Business / Economy

Report: Factory wages poised for further growth

By ZHENG YANGPENG (China Daily) Updated: 2014-12-17 09:19

Manufacturing labor costs in China will continue to rise steeply at 12 percent annually until 2020, according to a new report, but the wage increases will not be matched by similar rises in productivity, casting a shadow over the future competitiveness of the world's largest manufacturing base.

New data from HSBC Holdings Plc and Markit Economics showed a flash Purchasing Managers' Index at a seven-month low of 49.5 for December, just below the dividing line between expansion and contraction at 50. That compared with the median estimate of 49.8 in a Bloomberg News survey.

A separate report from the Economist Intelligence Unit, a global business consultancy, meanwhile, also showed on Tuesday that China's annual earnings grew at 11.9 percent from 2001 to 2012, and it is very likely to continue at that rate from 2013 to 2020.

The growth projection places China in a strong position compared to developed economies, but not against some of its developing rivals.

In 2012, average manufacturing wages in China were $2.1 per hour, compared with $35.7 in the United States, and eight years later, Chinese workers could still be earning just 12 percent of their US counterparts, the EIU report said. By then, average labor costs in China would still be 35.2 percent of those in Brazil, 55.2 percent of Mexico's and 75 percent of Turkey's, said the EIU report, titled Still Making it.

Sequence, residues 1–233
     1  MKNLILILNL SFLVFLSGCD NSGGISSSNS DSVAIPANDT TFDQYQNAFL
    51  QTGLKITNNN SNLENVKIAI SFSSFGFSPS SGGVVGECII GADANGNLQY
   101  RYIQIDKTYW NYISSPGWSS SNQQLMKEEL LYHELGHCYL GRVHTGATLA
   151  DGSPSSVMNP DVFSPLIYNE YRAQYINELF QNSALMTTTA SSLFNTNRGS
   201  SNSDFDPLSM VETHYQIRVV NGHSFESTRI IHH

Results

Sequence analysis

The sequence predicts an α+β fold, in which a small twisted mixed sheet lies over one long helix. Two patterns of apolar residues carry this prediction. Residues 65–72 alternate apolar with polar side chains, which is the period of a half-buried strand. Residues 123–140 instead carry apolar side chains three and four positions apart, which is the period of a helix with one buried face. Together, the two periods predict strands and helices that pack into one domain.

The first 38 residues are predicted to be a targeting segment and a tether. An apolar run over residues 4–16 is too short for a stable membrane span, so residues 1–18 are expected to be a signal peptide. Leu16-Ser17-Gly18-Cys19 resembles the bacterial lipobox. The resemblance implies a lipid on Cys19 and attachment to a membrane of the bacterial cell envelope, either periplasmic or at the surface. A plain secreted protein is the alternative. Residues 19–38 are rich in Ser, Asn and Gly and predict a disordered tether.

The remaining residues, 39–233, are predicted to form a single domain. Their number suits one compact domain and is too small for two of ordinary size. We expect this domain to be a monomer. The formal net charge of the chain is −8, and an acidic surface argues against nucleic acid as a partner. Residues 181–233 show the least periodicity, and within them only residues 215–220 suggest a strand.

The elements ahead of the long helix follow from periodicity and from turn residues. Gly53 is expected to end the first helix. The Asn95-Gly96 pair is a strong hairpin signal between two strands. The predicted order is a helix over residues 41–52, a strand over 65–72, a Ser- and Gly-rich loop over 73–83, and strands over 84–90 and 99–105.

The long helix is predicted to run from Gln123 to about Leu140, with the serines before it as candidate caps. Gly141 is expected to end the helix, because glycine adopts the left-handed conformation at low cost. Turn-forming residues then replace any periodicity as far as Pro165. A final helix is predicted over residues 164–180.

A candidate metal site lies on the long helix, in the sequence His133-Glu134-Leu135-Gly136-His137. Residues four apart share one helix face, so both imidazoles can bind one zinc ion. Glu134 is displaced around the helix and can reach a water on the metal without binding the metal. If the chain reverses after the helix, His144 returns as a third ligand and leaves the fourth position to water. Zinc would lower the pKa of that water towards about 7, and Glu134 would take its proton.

Serious competition, however, could be coming from Vietnam, India and Indonesia.

In 2012, China's average wage was 147 percent higher than Vietnam's but by 2019 that could have jumped to 177 percent.

Another recent survey, from Japan External Trade Organization, also claimed that the average wages of workers in Shanghai were 319 percent higher than their counterparts in Hanoi. Commenting on the JETO statistics, the Chinese Academy of Social Sciences said China's wages are unlikely to continue rising as fast as they have in recent decades.

One of the reasons for the varying projections might be the different data sources used in the different studies. The EIU's official source is the National Bureau of Statistics while the JETO survey relied on its own figures.

The EIU said that one of the failings of the NBS figures was a lack of data from enterprises based in towns and villages, which employ a considerable proportion of China's manufacturing workers.

Given that workers there and in private firms are paid less than those in State-owned enterprises, the NBS data could be criticized for overvaluing real wages, which the EIU said it had tried to compensate for.

Tom Rafferty, an economist with the EIU, said the basis for projecting the same wage growth rate over the next seven years is that although overall economic growth has slowed, the country's labor shortage will deepen and the government is likely to encourage better standard compensation levels.

He said that one certainty is that the fast rise in wages over the past few years has not been matched by the equal growth in productivity, which is worrying economists.

The EIU report noted that China saw a surge in productivity in the early 2000s following its entry into the World Trade Organization and State-owned enterprises reform.

But it said growth has slowed dramatically since 2005 and wage growth outpaced the gain in productivity in four of the five years between 2008 and 2012.

"China will continue its manufacturing story, only if it sorts out how to lift its productivity," said Rafferty. "That requires it to enhance the efficiency of its workforce, climb up the value-chain, and introduce more innovation."

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